Nothing says the holidays like… the President issuing talking points for holiday political conversations.
Yep. The White House press secretary Josh Earnest urged Americans to talk about politics over the holiday.
“As people are sitting around the Thanksgiving table, talking about these issues, as they should, and as I’m sure they will, all across the country, I hope that’s a question that will be raised, and asked by members around the table—that if we’re going to have a serious discussion in this country about national security, let’s talk about some pretty obvious things that Congress can do.”
He went on to say that liberals could bring up gun control as they passed the turkey. For example, they might ask that crazy right wing uncle why lawmakers shouldn’t “pass a law that would prevent somebody who’s on the terror watch list from being able to buy a gun.”
Not to be outdone, the liberal website Vox also produced a handy guide to just about everything. Called “How to Survive Your Family’s Thanksgiving Arguments,” it tells Democrats exactly what to say about ISIS, Syria, Donald Trump, and #BlackLivesMatter should these topics come up. David French, over at National Review, describes the phenomenon:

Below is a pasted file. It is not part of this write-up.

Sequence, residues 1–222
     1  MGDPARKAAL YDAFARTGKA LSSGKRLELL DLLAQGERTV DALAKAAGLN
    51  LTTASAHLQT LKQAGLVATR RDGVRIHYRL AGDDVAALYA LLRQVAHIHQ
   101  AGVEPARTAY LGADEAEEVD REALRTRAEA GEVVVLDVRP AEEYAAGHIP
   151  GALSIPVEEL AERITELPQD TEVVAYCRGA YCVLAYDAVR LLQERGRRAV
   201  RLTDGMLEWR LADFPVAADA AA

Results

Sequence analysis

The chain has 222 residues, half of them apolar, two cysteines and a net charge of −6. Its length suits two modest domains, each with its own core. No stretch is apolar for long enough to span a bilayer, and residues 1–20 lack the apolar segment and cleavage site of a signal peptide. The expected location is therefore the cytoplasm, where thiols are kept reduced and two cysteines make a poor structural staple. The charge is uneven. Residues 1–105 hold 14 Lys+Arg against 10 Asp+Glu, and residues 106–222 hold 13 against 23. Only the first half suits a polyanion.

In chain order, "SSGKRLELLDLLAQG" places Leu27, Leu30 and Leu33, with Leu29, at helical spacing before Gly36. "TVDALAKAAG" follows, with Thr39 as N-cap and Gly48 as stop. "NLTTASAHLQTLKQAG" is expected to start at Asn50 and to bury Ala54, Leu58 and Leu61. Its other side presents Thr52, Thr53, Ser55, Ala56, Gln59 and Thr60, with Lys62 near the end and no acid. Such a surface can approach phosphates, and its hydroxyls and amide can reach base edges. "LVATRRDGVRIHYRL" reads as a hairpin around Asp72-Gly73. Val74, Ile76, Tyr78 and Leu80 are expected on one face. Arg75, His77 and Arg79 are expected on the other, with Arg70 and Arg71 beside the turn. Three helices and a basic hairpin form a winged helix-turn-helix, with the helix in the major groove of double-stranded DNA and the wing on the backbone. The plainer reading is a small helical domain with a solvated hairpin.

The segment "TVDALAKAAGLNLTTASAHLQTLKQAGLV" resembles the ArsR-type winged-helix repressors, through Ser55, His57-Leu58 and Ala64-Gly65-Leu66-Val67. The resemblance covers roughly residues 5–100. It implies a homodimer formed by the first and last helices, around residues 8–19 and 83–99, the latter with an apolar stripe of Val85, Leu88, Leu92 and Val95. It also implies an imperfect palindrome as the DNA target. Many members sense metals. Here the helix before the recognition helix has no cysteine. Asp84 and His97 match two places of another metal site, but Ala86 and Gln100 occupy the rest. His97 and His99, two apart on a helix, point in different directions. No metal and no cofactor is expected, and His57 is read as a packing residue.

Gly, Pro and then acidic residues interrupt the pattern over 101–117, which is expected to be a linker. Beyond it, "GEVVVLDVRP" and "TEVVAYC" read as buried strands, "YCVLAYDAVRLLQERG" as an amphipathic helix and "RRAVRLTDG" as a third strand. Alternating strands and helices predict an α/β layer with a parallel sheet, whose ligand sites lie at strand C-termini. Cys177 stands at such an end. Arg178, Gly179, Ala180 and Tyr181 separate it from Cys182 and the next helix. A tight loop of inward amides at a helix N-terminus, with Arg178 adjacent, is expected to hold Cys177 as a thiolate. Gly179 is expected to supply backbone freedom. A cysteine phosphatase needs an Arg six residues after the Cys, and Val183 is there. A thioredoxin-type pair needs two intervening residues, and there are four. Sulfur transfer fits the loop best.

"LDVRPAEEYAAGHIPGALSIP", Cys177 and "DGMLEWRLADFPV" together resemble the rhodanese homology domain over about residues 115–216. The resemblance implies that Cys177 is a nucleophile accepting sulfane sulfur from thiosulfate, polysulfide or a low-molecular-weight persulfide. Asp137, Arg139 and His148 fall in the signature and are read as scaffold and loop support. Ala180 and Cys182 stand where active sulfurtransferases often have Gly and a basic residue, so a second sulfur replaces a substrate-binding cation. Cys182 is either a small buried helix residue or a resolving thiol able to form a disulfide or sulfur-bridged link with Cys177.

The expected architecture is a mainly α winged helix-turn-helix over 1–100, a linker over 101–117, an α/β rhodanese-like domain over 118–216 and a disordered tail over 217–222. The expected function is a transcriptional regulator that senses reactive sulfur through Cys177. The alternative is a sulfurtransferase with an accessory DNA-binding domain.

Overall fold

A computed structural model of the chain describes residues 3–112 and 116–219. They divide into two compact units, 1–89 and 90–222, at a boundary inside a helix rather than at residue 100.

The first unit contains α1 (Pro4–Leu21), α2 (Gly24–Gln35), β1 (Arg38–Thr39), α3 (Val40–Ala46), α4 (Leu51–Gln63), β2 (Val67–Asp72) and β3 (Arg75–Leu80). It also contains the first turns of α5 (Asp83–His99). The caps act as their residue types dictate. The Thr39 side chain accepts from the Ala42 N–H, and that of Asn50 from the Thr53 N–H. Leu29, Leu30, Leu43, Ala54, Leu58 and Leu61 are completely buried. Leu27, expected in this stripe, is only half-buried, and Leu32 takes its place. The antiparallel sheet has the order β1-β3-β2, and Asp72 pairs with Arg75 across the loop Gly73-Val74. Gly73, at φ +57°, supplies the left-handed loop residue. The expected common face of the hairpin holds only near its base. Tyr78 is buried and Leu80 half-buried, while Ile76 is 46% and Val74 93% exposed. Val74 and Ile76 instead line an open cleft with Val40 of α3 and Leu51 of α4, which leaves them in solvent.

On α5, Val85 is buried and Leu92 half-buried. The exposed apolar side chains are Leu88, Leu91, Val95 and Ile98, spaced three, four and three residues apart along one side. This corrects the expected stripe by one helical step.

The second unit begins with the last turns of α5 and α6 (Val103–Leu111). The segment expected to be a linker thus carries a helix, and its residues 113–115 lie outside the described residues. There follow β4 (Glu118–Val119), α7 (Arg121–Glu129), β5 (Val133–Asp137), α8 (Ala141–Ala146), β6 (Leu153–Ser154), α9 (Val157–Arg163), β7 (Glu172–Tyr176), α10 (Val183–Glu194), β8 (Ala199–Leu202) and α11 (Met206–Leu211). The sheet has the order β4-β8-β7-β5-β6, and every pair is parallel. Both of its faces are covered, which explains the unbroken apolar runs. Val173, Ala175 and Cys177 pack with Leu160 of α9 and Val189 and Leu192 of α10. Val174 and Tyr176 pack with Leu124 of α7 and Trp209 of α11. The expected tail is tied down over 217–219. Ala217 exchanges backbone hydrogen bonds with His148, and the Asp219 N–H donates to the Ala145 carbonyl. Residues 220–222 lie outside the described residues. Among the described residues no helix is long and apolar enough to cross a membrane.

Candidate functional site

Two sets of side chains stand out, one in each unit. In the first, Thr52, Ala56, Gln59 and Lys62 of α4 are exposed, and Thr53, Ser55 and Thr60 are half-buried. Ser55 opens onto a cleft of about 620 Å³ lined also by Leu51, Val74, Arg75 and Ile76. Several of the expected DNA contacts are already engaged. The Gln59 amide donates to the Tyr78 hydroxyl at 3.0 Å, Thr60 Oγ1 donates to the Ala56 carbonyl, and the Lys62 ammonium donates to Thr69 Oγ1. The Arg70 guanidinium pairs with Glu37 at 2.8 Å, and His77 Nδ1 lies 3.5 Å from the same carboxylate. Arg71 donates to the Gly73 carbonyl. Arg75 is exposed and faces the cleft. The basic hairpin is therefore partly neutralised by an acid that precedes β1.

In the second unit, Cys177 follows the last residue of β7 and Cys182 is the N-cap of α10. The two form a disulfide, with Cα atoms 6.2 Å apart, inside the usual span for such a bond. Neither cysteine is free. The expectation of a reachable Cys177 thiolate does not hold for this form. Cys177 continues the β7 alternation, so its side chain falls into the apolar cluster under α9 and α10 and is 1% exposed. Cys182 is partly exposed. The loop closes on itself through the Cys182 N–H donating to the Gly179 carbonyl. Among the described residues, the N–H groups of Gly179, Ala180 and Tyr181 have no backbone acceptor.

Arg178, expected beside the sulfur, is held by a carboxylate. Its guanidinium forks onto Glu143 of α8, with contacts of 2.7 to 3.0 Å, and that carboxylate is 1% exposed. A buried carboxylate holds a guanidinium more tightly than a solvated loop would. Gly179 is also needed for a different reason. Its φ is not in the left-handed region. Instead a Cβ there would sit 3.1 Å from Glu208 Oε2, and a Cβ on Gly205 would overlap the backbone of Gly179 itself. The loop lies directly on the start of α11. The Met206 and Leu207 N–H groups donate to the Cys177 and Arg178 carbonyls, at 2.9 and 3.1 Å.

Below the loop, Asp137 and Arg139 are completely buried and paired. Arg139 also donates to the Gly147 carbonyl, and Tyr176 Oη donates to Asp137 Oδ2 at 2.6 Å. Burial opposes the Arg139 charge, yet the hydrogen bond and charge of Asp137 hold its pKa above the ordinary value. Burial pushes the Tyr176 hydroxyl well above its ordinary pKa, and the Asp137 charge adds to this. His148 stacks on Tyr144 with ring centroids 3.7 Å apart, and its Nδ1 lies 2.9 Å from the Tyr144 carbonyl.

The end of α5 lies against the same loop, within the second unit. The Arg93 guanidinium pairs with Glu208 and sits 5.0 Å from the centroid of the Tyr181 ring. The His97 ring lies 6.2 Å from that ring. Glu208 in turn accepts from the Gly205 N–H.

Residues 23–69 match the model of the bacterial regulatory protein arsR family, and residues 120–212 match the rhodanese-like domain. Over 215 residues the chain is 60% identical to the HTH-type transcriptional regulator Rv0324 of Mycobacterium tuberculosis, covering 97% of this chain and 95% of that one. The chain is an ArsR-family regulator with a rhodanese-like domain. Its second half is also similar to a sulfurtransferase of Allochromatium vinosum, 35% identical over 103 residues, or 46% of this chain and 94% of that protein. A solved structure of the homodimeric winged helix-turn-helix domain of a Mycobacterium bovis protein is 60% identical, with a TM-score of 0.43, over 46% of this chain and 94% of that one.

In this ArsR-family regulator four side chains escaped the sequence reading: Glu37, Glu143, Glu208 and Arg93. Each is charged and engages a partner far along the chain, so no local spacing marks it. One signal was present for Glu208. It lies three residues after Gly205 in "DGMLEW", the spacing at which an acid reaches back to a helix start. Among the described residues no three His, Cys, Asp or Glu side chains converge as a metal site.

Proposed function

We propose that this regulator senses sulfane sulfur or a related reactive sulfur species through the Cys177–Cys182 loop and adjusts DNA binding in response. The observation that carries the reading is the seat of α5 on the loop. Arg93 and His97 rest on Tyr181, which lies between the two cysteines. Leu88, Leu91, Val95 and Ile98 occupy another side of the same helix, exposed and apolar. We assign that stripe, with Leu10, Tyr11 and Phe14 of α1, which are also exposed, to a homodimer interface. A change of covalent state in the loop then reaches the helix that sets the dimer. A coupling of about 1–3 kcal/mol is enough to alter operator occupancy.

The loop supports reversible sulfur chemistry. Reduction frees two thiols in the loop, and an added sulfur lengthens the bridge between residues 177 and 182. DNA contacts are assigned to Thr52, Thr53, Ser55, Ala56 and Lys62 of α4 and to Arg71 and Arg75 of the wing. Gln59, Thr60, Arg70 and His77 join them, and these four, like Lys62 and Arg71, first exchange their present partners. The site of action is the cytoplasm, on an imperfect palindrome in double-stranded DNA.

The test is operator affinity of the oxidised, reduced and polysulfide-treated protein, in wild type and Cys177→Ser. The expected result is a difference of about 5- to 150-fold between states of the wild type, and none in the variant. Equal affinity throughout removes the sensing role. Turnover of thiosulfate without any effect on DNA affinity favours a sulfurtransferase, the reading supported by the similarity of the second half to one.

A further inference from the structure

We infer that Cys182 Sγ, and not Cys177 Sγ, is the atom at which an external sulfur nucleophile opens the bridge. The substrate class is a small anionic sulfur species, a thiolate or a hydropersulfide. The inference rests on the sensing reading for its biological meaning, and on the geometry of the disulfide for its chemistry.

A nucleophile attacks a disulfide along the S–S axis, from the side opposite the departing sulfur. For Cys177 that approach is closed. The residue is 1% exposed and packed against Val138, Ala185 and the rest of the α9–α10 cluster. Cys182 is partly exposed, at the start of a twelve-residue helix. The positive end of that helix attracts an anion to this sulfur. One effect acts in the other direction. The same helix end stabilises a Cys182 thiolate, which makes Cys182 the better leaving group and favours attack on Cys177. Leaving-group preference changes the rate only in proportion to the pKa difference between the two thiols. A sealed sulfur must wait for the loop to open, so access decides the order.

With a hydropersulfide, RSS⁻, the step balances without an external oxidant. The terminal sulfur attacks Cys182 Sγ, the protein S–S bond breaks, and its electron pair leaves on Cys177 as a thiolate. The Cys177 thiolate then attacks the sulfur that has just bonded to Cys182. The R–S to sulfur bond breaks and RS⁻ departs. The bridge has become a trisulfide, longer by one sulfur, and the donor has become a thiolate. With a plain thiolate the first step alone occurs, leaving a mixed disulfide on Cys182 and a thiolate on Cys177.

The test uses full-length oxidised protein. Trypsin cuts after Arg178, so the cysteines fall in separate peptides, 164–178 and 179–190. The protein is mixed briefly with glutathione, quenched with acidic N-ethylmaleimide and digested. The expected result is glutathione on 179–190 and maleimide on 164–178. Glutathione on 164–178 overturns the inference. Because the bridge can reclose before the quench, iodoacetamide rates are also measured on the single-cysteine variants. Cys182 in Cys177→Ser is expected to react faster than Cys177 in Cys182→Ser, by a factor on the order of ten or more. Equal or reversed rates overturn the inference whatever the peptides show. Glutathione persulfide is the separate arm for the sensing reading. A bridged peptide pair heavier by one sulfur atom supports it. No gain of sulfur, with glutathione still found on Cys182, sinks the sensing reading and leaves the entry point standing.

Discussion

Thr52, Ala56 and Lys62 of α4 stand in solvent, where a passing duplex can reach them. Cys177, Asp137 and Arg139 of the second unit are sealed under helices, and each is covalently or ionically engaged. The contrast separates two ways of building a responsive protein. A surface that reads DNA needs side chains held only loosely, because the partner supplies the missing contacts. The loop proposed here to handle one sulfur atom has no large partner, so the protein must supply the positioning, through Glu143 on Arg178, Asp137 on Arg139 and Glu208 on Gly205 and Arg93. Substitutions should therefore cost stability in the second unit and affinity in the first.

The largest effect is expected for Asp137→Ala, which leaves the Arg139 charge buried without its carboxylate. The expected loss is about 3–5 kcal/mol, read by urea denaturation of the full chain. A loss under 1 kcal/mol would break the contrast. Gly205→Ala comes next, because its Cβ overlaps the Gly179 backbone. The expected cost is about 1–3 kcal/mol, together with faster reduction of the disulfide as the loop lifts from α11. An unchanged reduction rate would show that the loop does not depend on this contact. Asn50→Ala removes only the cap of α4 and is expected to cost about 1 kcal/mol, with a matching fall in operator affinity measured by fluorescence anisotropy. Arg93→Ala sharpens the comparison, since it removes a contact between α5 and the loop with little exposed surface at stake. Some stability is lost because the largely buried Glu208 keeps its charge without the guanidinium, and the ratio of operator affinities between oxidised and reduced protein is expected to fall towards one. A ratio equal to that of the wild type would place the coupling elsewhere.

We feel compelled to correct perceived error – even at a once-a-year family gathering — because we are nothing more than the sum total of our opinions.
Actions? What are those? Sure, my cranky uncle has worked two jobs to put his kids through college, but he’s a vocal Donald Trump supporter and has to be punished. So what if my prickly aunt is handling chronic and painful illness with dignity and courage — she thinks global warming isn’t real, and in the three hours we have together, I’m going to introduce her to this little thing called “science.”
And then suggests a different tactic:
In response to those difficult conversations, try a bit of grace. Strive for reconciliation. Understand that people are more than politics…
Mercy at the Thanksgiving table means not dropping the hammer on a condescending Millennial niece. Grace means striving to find a way to help make her Thanksgiving more meaningful and enjoyable — by treating her with kindness and taking a genuine interest in her life, especially her life outside her talking points.
I’m not naïve enough to believe that grace always leads to reconciliation or joyful family holidays. After all, if the world rejected — and even executed — the perfect expression of grace, how can we expect our own acts of grace to be well-received? But if we’re reaching the point where we’re urging people to use family gatherings as political platforms, we’ve lost our way.
Thanksgiving gives us the rare opportunity to show love and hospitality to those with differing opinions.
Don’t squander it on talking points.
In fact, you might want to bypass politics altogether and focus on each others’ lives.
Your family will remain long after you’ve forgotten the name of President Obama’s press secretary.
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